ZooKeys 205: 1–3, doi: 10.3897/zookeys.205.3581
Publishing online identification keys in the form of scholarly papers
Lyubomir Penev 1,2, Pierfilippo Cerretti 3,4, Hans-Peter Tschorsnig 5, Massimo Lopresti 4, Filippo Di Giovanni 3,4, Teodor Georgiev 1, Pavel Stoev 1,6, Terry L. Erwin 7
1 Pensoft Publishers, Sofia, Bulgaria
2 Institute of Biodiversity and Ecosystem Research, Bulgarian Academy of Sciences, Sofia
3 Dipartimento di Biologia e Biotecnologie “Charles Darwin”, Università di Roma “La Sapienza”, Piazzale A. Moro 5, 00185, Rome, Italy
4 Centro Nazionale per lo Studio e la Conservazione della Biodiversità Forestale – Corpo Forestale dello Stato, Via Carlo Ederle 16/A, 37100, Verona, Italy
5 Staatliches Museum für Naturkunde, Rosenstein 1, 70191 Stuttgart, Germany
6 National Museum of Natural History, Sofia, Bulgaria
7 Department of Entomology, MRC 187, National Museum of Natural History, Smithsonian Institution, P. O. Box 37012, Washington, DC 20013-7012 USA

Corresponding author: Lyubomir Penev (info@pensoft.net)

received 23 June 2011 | accepted 28 June 2012 | Published 4 July 2012

(C) 2012 Lyubomir Penev. This is an open access article distributed under the terms of the Creative Commons Attribution License 3.0 (CC-BY), which permits unrestricted use, distribution, and reproduction in any medium, provided the original author and source are credited.

For reference, use of the paginated PDF or printed version of this article is recommended.

One of the main deficiencies in publishing and dissemination of online interactive identification keys produced through various software packages, such as DELTA, Lucid, MX and others, is the lack of a permanent scientific record and a proper citation mechanism of these keys. In two earlier papers, we have discussed some models for publishing raw data underpinning interactive keys (Penev et al. 2009; Sharkey et al. 2009). Here we propose a method to incentive authors of online keys to publishing these through the already established model of “Data Paper” (Chavan and Penev 2011, examples: Narwade et al. 2011, Van Landuyt et al. 2012, Schindel et al. 2011, Pierrat et al. 2012, see also Pensoft's Data Publishing Policies and Guidelines). For clarity, we propose a new article type for this format, “Online Identification Key”, to distinguish it from the “Data Paper” in the narrow sense.

The model is demonstrated through an exemplar paper of Cerretti et al. (2012) in the current issue of ZooKeys. The paper describes the main features of an interactive key to the Palaearctic genera of the family Tachinidae (Diptera) implemented as an original web application. The authors discuss briefly the advantages of these tools for both taxonomists and general users, and point out the need of shared, standardized protocols for taxa descriptions to keep matrix-based interactive keys easily and timely updated.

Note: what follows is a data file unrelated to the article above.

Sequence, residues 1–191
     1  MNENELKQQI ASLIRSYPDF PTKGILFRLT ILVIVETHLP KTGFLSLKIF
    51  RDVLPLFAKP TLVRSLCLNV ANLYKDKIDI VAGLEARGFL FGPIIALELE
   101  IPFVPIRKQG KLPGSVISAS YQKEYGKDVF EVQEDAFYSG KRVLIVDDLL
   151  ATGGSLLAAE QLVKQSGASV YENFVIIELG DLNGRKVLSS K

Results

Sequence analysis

The format of the “Online Identification Key” paper largely resembles the structure of Data Papers proposed by Chavan and Penev (2011) on the basis of the Ecological Metadata Language (EML) and developed further in Pensoft's Data Publishing Policies and Guidelines. An “Online Identification Key” paper should focus on a formal description of the technical details and content of an online key that is what is often called “metadata”. For example, an “Online Identification Key” paper has a title, author(s), abstract and keywords like any other scientific paper; it should also include in the first place: the URL of an open access version of the online key and possibly also the data underpinning the key, information on the history of and participants in the project, the software used and its technical advantages and constraints, licenses for use, taxonomic and geographic coverage, lists and descriptions of the morphological characters used, and literature references.

In contrast to conventional data papers, the “Online Identification Key” papers do not require compulsory publication of raw data files underpinning a key, although such a practice is highly recommended and encouraged. There might be several obstacles in publishing raw data that can be due to copyright issues on either data or source codes. It is mandatory, however, for the online keys published in this way to be freely available for use to anyone, by just clicking the URL address published in the paper.

The publication of an online key in the form of a scholarly article is a pragmatic compromise between the dynamic structure of the internet and the static character of scientific articles. The author(s) of the key will be able to continuously update the product, to the benefit of its users. At the same time, the users will have available a citation mechanism for the online key, identical to that used for any other scientific article, to properly credit the authors of the key.


The current implementation is funded in part by the ViBRANT (Virtual Biodiversity Research and Access Network for Taxonomy, www.vbrant.eu) FP7 project. We thank Daniel Whitmore (Copenhagen) for editing the English text.

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